German Empire, Weimar Republic, 3 Reichsmark 1931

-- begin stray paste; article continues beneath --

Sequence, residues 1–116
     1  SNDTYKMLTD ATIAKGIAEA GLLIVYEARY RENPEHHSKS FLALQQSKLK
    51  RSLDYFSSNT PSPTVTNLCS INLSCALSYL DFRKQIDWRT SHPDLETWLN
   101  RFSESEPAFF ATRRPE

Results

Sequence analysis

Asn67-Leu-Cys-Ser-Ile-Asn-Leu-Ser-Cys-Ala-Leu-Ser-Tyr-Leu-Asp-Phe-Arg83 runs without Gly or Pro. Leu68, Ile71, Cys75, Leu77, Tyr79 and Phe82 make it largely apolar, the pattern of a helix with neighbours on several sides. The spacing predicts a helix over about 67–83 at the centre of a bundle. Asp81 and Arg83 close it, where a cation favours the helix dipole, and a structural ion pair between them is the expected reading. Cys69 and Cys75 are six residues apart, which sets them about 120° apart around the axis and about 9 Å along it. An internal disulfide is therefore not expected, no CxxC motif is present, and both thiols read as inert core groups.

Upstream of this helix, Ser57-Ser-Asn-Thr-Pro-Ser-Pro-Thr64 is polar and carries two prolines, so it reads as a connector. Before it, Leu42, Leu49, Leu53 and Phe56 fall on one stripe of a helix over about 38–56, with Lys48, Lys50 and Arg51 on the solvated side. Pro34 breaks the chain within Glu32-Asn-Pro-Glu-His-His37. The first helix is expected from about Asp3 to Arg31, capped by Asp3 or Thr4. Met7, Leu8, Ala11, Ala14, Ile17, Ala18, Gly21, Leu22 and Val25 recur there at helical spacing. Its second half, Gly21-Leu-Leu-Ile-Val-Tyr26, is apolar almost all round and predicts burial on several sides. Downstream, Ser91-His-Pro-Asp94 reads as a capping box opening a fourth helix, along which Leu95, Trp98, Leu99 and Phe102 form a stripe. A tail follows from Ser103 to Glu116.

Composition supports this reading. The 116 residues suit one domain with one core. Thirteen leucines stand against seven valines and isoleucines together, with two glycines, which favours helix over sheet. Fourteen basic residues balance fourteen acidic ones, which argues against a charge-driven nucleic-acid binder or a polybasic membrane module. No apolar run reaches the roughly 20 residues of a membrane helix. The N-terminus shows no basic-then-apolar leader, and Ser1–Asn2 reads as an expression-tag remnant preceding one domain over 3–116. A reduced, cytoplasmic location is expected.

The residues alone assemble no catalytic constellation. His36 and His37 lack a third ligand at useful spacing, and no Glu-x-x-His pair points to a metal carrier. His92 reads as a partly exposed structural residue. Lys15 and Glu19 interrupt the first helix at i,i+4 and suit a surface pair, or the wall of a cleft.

In September 1930, the rightist extremist NSDAP ("Nationalsozialistische Deutsche Arbeiterpartei," "National Socialist German Labor Party") increased the number of its seats in the German Reichstag from 12 to 107. As a result many foreigners began to remove their money from German banks. The volume of money in Germany shrank; the bank deposits sank about seventeen percent in 1931 and about seven percent in 1932. To keep the national income stable nevertheless, the German government began to mint additional coins: The production of a silver coin cost only a third of its face value, hence with the issue of every 3-mark-coin, the government bagged a profit of two marks.